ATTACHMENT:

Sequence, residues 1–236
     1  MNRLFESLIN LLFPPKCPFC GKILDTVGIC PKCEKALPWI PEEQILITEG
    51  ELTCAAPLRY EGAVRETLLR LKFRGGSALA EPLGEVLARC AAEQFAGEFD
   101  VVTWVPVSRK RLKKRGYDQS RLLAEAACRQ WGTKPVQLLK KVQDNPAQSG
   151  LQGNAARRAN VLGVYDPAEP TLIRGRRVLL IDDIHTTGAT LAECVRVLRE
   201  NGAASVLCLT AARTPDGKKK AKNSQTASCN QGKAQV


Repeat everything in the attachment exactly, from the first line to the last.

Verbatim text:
Sequence, residues 1–236
     1  MNRLFESLIN LLFPPKCPFC GKILDTVGIC PKCEKALPWI PEEQILITEG
    51  ELTCAAPLRY EGAVRETLLR LKFRGGSALA EPLGEVLARC AAEQFAGEFD
   101  VVTWVPVSRK RLKKRGYDQS RLLAEAACRQ WGTKPVQLLK KVQDNPAQSG
   151  LQGNAARRAN VLGVYDPAEP TLIRGRRVLL IDDIHTTGAT LAECVRVLRE
   201  NGAASVLCLT AARTPDGKKK AKNSQTASCN QGKAQV